Georgina Mills, Business Retail Market Director at Ofwat said: “These decisions aim to protect the interests of non-household customers in the short and longer term, including from the risk of systemic Retailer failure as the business retail market continues to feel the impacts of COVID-19. By implementing market-wide adjustments to price caps, we aim to minimise any additional costs for customers in the shorter term by promoting efficiency and supporting competition.”  

There are also three areas where Ofwat has not reached definitive conclusions and is seeking further evidence and views from stakeholders:   

  1. Pooling excess bad debt costs – Ofwat proposes that the recovery of excess bad debt costs is pooled across all non-household customers, via a uniform uplift to price caps. 
  2. Keeping open the option of not pursuing a true up – For example if outturn bad debt costs are not materially higher than the 2% threshold. 
  3. Undertaking the true up – If a 'true up' is required, Ofwat has set out how it expects this to work in practice. 

Further consultation on the proposed adjustments to REC price caps can be expected by December.

Anita Dougall, CEO and Founding Partner at Sagacity, said Ofwat’s decision comes hot on the heels of Ofgem’s price cap rise in April.

"While it’s great that regulators are helping the industry deal with bad debt in the wake of the pandemic, raising prices only treats the symptoms. Instead, water companies should head upstream, using customer data to identify and rectify the causes of bad debt, stop it at source and help prevent it from occurring in the first place," she said.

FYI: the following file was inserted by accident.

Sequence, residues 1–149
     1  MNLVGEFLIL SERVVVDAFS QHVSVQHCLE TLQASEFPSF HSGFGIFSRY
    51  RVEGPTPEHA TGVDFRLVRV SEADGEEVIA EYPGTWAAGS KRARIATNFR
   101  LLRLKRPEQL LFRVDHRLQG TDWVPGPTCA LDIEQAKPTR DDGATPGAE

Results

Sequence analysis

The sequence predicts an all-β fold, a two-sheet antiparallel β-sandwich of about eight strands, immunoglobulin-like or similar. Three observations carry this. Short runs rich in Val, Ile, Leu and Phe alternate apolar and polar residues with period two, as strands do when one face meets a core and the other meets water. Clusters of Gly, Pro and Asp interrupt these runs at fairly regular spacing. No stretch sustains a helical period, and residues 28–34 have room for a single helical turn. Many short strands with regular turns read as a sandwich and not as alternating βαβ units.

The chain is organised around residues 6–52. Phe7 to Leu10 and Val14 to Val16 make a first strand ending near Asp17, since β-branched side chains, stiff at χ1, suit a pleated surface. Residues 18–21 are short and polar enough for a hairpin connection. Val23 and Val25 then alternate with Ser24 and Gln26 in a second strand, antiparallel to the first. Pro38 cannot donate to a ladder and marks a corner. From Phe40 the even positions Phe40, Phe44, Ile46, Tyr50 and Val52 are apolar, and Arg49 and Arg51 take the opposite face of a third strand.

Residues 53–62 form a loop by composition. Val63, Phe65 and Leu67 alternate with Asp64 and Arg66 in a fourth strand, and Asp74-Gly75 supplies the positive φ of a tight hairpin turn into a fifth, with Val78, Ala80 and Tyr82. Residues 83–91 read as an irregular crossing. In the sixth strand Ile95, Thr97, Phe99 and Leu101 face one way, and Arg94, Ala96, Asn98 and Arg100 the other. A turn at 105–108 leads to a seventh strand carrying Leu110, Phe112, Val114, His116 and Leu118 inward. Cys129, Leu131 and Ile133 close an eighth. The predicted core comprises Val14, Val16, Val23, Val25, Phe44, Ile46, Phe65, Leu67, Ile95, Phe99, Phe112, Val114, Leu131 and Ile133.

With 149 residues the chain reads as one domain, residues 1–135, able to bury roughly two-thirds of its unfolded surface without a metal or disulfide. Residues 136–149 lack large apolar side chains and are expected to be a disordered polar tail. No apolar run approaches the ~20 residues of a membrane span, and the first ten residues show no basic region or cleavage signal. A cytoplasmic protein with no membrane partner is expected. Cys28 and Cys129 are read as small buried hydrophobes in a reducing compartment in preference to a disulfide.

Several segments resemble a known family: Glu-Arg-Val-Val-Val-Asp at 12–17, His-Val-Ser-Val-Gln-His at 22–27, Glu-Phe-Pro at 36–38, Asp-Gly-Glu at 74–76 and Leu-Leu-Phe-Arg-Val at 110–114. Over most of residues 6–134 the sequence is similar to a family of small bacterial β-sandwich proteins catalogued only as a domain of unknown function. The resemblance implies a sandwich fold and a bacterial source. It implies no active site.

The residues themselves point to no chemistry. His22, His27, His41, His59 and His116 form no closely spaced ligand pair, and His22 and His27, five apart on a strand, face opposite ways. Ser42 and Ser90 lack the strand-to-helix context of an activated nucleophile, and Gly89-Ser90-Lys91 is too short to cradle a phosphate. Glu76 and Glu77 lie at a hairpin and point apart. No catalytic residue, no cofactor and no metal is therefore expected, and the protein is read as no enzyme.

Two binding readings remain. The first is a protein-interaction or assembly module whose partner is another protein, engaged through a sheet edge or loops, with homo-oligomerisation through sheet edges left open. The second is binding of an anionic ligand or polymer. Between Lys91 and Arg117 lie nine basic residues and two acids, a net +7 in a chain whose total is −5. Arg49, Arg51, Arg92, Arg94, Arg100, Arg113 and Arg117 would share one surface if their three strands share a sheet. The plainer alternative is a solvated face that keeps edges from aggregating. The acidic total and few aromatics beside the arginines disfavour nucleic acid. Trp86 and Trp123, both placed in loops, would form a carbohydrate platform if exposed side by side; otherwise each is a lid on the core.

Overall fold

"While recouping costs is a must, water companies shouldn’t just rely on the regulator. Data can help companies segment customers, identify and assist customers that are struggling financially, avoiding penalising the entire customer in tackling the cause of the issue."

United Utilities picks up pipeline award

A race-against-time plumbing job to connect four huge water pipes into the large Haweswater Aqueduct in Cumbria saw United Utilities awarded Utility Project of the Year by Pipeline Industries Guild.

The Hallbank project, near Kendal, was completed within a tight eight-day deadline, in a storm and during the second COVID lockdown last November – and with three hours to spare. Principal construction manager John Dawson said the project helped boost the resilience of water supplies across the North West.

“I think what made us stand out was the scale, the use of future technology and the fact that we were really just one team, working collaboratively for a common goal," he said.

Camus Energy secures $16m funding

Camus Energy, which provides advanced grid management technology, has secured $16 million in a Series A round, led by Park West Asset Management and joined by Congruent VenturesWave Capital and other investors, including an investor-owned utility. Camus will leverage the operating capital to expand its grid management software platform to meet growing demand from utilities across North America.

As local utilities look to save money and increase their use of clean energy by tapping into low-cost and low-carbon local resources, Camus' grid management platform provides connectivity between the utility's operations team, its grid-connected equipment and customer devices.